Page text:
- Energy Policy Act of 2005 (EPACT)
- Energy Star® Windows
- National Fenestration Rating Council (NFRC) Certified Products Directory—Contains performance characteristics for window assemblies from most manufacturers.
Associations and Organizations
- American Architectural Manufacturers Association (AAMA)—Trade association of firms engaged in the manufacture and sale of building fenestration components and related products.
- Efficient Windows Collaborative—Provides information on the benefits of energy-efficient windows in houses throughout the US. This site is sponsored by the U.S. Department of Energy.
- Florida Solar Energy Center—Fenestration Research Group—This group studies the performance of fenestration systems. The main focus is on solar heat gain and its effects on energy costs for heating and cooling.
- National Fenestration Rating Council (NFRC)—A non-profit public/private collaboration of manufacturers, builders, designers, specifiers, code officials, consumers, utilities, and regulators working towards a national energy performance rating system for fenestration products.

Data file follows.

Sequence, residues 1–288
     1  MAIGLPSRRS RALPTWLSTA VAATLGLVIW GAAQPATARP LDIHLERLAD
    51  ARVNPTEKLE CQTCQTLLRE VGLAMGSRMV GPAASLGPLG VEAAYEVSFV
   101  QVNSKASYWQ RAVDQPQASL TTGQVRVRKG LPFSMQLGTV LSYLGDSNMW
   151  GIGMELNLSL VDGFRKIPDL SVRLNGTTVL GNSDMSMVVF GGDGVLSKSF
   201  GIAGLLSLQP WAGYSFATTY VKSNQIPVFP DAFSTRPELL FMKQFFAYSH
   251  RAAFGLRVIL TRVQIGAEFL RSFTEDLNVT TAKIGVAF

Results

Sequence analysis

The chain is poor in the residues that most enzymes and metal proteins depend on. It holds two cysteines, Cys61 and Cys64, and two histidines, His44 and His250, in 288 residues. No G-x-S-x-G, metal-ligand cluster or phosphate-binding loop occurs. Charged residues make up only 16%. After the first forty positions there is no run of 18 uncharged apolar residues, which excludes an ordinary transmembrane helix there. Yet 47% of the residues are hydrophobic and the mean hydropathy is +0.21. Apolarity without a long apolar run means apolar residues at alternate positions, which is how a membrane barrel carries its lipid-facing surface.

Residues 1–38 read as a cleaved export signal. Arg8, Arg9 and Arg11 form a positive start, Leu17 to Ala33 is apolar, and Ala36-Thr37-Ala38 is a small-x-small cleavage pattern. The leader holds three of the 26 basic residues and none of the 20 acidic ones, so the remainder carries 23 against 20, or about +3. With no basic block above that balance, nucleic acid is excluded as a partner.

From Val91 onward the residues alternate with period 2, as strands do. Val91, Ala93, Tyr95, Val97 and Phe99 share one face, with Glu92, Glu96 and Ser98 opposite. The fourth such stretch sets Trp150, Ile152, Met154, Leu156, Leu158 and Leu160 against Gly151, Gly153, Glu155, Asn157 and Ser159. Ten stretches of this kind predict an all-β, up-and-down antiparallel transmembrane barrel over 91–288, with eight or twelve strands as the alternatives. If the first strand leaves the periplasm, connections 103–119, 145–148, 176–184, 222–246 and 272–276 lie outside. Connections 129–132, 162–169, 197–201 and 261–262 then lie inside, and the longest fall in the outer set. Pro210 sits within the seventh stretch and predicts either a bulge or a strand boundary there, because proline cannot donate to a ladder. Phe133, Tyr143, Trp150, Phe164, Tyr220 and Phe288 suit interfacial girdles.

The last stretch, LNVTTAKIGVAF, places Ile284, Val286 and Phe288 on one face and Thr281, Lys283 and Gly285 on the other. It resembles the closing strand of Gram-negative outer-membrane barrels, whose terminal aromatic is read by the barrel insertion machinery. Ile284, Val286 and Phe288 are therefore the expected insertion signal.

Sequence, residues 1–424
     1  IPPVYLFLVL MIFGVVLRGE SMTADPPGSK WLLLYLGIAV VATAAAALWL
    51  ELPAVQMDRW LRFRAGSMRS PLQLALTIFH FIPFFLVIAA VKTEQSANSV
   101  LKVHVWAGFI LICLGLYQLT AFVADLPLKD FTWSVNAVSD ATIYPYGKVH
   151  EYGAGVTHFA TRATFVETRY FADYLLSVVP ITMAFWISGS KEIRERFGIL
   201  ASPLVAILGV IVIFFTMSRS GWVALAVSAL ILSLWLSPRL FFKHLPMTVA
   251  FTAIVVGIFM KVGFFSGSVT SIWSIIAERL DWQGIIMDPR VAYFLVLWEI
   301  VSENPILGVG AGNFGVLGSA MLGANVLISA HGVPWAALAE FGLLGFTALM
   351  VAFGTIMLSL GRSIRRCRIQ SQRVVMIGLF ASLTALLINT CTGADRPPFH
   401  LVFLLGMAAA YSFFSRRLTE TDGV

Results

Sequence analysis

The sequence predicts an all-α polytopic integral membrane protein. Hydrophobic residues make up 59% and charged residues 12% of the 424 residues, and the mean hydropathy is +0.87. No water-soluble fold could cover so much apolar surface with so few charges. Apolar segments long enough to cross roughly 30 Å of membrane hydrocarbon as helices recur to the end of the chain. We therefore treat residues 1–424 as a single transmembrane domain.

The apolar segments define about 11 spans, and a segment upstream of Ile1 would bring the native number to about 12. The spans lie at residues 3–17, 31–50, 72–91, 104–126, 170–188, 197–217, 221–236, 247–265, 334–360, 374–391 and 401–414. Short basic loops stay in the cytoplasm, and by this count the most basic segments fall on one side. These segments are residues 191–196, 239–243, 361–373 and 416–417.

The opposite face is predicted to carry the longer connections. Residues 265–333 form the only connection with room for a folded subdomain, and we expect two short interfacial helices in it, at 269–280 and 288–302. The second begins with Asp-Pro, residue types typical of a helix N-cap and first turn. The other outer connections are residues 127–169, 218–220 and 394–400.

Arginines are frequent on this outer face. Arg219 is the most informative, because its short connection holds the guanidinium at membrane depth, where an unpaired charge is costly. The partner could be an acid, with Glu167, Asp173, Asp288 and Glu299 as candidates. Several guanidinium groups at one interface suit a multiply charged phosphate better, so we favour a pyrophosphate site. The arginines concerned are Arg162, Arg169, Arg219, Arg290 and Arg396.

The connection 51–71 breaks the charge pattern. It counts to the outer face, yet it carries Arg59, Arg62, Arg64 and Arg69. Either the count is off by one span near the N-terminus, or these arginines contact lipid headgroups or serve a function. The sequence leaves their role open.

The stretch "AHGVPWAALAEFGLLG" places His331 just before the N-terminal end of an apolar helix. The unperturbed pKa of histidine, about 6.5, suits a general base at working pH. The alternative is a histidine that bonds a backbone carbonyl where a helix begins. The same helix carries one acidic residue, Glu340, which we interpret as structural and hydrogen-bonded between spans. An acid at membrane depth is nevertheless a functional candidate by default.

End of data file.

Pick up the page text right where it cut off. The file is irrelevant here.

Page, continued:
- National Glass Association
Design and Analysis Tools
- Energy Star® Windows
- Usually, the physical properties of glazing systems are easily obtained from product literature and certified by the National Fenestration Rating Council (NFRC).
- WINDOW, a federally funded computer program developed by Lawrence Berkeley National Laboratory (LBNL), calculates U-values, SHGC, and Tvis of window systems constructed from glass and frames of known properties.
Window Design Strategies
Commercial and Institutional—To analyze the effect of different window areas and glass properties, investigate the following:
- Computational Fluid Dynamics (CFD)—This advanced computer-based analysis method can help analyze the effects of complex fenestration systems on air currents and interior ventilation patterns. For more information: CFD Online
- DOE-2— hourly building simulation software designed to analyze, complex, multi-zone buildings.
- eQuest®—replacement to PowerDOE.
- Skylight Handbook—A hand calculation method for optimum skylight design developed by Lawrence Berkeley National Laboratory (LBNL). Available from AAMA (Product Code SHDG-1-88).
- GSA Sustainable Facilities Tool (SFTool)—SFTool's immersive virtual environment addresses all your sustainability planning, designing and procurement needs.
- Glazing Design Handbook for Energy Efficiency by The American Institute of Architects (AIA). Washington, DC, 1997.
- Residential Windows: A Guide to New Technologies and Energy Performance by John Carmody, Stephen Selkowitz, Dariush Arasteh and Lisa Heschong. New York: W. W. Norton & Company.